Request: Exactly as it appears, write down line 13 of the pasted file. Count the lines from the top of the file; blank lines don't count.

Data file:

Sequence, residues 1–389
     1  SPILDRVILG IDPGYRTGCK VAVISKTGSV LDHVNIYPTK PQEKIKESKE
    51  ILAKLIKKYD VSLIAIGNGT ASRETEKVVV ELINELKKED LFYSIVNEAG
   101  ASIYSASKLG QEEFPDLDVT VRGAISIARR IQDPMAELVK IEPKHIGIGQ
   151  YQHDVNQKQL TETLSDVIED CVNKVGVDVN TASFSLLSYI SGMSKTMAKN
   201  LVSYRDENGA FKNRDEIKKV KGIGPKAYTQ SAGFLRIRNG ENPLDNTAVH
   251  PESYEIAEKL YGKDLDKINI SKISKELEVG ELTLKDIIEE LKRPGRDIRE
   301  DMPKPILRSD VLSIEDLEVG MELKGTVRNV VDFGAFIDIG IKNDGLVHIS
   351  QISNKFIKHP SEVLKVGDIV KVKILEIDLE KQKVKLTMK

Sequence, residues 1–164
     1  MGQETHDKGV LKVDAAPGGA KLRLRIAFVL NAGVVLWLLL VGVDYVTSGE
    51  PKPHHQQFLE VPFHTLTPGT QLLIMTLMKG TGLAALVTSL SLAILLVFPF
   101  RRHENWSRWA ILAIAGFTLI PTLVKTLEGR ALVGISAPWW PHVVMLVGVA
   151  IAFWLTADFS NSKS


   101  RRHENWSRWA ILAIAGFTLI PTLVKTLEGR ALVGISAPWW PHVVMLVGVA